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Two Safe Ways to Profit From the "Alibaba Shockwave Effect"

In the mid-1990s, I was fortunate to meet and start working with an Upstate New York money manager named Anthony M. Gallea.

The relationship began when I attended and wrote stories about some of the investment seminars he periodically held for prospective and existing clients. He then became a “source” for some of the investment stories I periodically wrote for Gannett Newspapers. And we ultimately collaborated on a pretty successful book about “Contrarian Investing” that was published by Prentice Hall.

Along the way, Tony shared some pretty important snippets of investing wisdom…

  • Featured Story

    February Jobs Report: Here's What to Expect

    Blue Tie

    Expect a disappointing jobs report for February thanks to higher taxes and sequestration fears that put companies' hiring plans on hold last month.

    Economists expect nonfarm payrolls to show a gain of 160,000 jobs in February, with the unemployment rate holding steady at 7.9%, when the Labor Department releases the February jobs report tomorrow (Friday) at 8:30 a.m.

    Employment growth has averaged 177,000 per month over the last six months, and February is expected to fall short.  

    One reason is the 2% payroll tax cut that ended with 2012, leaving workers with less disposable income. Also, top income earners were slapped with a higher tax rate.

    The full tax impact wasn't felt in January, but retailers and restaurants are beginning to feel the pain.

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  • us labor department jobs report

  • Take a Closer Look Before Cheering the November U.S. Jobs Report The Department of Labor today (Friday) released the November U.S. jobs report, which showed the U.S. economy added 146,000 jobs last month, handily beating most economists' expectations.

    The addition pushed the unemployment rate down from an unhealthy 7.9% to a still elevated 7.7%. That is the lowest level in four years, since December 2008.

    Projections for the unemployment level ranged for it hold steady at 7.9% or rise to up to 8.1%.

    But the reasons for the drop aren't as encouraging as the lowered rate itself.

    The Real Story of the November U.S. Jobs Report

    The reason behind the surprising drop was because more dejected workers simply left the labor force. Some 350,000 people, unable to find work and no longer looking for a job, have dropped off the radar and were not counted among the slew of individuals still out of work.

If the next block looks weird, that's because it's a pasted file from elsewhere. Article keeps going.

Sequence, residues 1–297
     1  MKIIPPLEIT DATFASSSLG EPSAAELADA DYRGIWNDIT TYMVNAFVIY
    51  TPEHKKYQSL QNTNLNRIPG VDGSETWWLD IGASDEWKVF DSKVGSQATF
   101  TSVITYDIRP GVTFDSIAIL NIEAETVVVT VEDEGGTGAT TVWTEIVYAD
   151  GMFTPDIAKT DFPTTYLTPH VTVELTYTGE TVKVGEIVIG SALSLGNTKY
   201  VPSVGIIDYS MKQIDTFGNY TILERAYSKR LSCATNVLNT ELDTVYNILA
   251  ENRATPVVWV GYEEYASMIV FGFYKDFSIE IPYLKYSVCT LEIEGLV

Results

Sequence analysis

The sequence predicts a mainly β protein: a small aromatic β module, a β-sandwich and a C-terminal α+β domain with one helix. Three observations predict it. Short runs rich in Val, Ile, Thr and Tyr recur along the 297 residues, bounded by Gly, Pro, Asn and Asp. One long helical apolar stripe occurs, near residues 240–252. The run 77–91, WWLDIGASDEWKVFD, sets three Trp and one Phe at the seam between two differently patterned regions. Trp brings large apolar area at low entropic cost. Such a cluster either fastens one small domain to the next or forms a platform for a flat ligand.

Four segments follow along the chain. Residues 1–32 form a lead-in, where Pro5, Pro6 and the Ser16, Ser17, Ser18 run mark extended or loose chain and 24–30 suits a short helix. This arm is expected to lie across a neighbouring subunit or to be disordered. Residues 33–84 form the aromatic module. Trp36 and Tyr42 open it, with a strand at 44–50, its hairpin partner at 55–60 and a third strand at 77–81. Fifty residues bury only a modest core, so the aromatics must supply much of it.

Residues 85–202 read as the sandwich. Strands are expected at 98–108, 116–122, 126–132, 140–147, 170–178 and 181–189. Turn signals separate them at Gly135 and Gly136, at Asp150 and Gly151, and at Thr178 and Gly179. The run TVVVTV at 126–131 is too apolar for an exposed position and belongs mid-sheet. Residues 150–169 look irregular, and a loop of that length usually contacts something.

The labor participation rate fell 20 basis points to 63.6%. Without this drop in the labor force, the unemployment rate would have remained at 7.9%.

    Three years after the end of the 2007-2009 recession, the labor force participation rate remains extremely weak. If the rate reflected normal levels, the unemployment rate would be considerably higher.

    Also contributing to the unexpected uptick was early seasonal retail hiring, instead of long-term sustainable positions. Retail was a key jobs producer in November, adding 53,000 to payrolls.

    That's partly due to Thanksgiving being earlier this year than usual. Plus, more stores kicked-off the holiday shopping spree much before the usual Black Friday start.

    These factors "suggest an asterisk will have to be put alongside the monthly non-farm report," Bloomberg senior economist Joseph Brusuelas wrote in today's Bloomberg Economics Brief.

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  • The Truth Behind the U.S. Labor Department Employment Report The U.S. Labor Department employment report released today (Friday) showed a better-than-expected payroll jump to 200,000, and the unemployment rate dropped to 8.5%. However, the numbers aren't nearly as promising as they seem.

    The payroll increase was double the revised 100,000 rise in November, and about 30% higher than the projected 155,000 increase. Private companies added 212,000 jobs, while the public sector lost 12,000.

    The unemployment rate is now the lowest since February 2009.

    The payroll jump is a good sign, but this month's U.S. Labor Department employment report isn't a reliable forecast for... Read More...